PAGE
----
Knowing when to walk away from a friendship can save you time and peace of mind. From acting out against you -- such as lying or spreading gossip -- to simply growing apart, the reasons for ending a friendship are often as complicated as the actual split itself. Knowing that the time is right to cut your losses and move on can help to minimize this painful process.

Pressure from Peers

Even though your friends can positively influence you -- think of how your BFF encouraged you to try out for the school play or get an A on your chem final -- they can also put on negative pressure. When a friend pressures you to do something that you know is wrong or don't believe in, it is time to quickly reevaluate the relationship. Real friends won't make you feel uncomfortable or bad about yourself for not following their lead. If a friend says you are "lame" for not smoking or "stupid" if you don't dress like him, it is time to walk away.

Once a Cheater

While your friend isn't going to cheat on you in the same way as a romantic partner, her dishonesty can break your trust enough to end the relationship. Although deciding whether your friend's behavior warrants ending the relationship would seem simple, sometimes it is hard to know if she's truly dishonest. There isn't just one type of lying. Your friend may lie by purposefully omitting information, exaggerating what she tells you to manipulate a situation or blaming others for her dishonest actions, according to clinical psychologist Bill Knaus in his article "Protect Yourself from Liars and Deceivers" on the Psychology Today website.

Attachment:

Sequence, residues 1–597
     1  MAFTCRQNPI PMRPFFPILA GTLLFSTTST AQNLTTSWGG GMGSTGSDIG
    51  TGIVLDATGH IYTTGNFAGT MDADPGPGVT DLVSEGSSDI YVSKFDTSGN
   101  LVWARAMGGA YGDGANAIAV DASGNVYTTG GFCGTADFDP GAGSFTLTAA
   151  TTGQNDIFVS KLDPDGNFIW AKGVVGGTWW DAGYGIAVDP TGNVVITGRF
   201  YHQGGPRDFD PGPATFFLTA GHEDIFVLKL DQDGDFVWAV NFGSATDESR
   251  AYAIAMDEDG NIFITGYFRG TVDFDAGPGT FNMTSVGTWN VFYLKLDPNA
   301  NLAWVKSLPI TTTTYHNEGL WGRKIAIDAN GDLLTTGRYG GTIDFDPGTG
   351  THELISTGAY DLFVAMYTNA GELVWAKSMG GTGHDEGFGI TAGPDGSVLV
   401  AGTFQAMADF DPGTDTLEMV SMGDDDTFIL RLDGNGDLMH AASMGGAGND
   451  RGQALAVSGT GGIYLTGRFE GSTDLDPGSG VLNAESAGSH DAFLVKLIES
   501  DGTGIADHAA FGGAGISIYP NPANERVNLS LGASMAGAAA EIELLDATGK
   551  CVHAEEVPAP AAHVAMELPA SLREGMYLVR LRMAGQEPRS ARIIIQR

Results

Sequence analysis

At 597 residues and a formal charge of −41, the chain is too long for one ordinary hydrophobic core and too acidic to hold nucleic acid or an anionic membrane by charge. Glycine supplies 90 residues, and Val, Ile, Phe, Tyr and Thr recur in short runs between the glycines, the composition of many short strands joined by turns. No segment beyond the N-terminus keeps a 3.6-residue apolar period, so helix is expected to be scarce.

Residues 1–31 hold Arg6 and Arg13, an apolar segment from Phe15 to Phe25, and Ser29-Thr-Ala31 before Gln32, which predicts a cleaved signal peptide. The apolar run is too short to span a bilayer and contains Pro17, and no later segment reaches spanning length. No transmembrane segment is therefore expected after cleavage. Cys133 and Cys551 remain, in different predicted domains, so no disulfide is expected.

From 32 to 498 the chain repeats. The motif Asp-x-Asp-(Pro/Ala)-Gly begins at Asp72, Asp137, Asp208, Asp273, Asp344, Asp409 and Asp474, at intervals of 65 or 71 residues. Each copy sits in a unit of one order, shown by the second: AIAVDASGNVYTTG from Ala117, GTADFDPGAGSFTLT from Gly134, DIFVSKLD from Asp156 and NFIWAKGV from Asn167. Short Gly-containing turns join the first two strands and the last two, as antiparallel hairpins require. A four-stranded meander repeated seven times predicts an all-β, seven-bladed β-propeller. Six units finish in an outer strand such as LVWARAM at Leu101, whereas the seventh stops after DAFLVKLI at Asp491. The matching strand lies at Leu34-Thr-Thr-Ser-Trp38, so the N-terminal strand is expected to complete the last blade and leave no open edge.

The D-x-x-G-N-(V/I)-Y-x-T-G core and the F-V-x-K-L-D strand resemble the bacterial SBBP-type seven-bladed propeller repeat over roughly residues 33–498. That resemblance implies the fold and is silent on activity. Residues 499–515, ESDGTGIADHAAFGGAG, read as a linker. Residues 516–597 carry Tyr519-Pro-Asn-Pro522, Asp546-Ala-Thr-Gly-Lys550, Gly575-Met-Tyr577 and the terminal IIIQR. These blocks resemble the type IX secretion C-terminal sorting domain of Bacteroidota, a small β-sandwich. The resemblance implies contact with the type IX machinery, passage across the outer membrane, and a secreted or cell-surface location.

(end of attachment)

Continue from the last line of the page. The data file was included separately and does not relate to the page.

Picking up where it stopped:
Dating Dilemma

You walk by the local coffee shop or stroll into the school cafeteria to see your best bud and your girl hanging out. Finding out that your friend and girlfriend are sneaking around behind your back is a betrayal that you can't tolerate. Instead of fighting over a girl you can't trust, consider letting both your relationship and your friendship go. If your friend doesn't have a reasonable explanation -- such as they were secretly planning a surprise birthday party for you -- it is time to walk away. While it is unlikely that your friend was purposefully trying to hurt you, someone who deceives you isn't worth your while.

The Rumor Mill

Your utmost enemy isn't the only one who could spread nasty rumors about you. Friends can also get the rumor mill going by gossiping about what is going on in your life. This behavior is hurtful and can become a form of bullying if your friend is purposefully trying to turn others against you, according to the article "Someone is Spreading Rumors About Me. What Can I Do?" on the TeensHealth website. If your "friend" intentionally starts mean-spirited rumors about you or sits by and does nothing to stop the gossip, ending your relationship is essential. True friends will stand up for you -- not put you down to other people.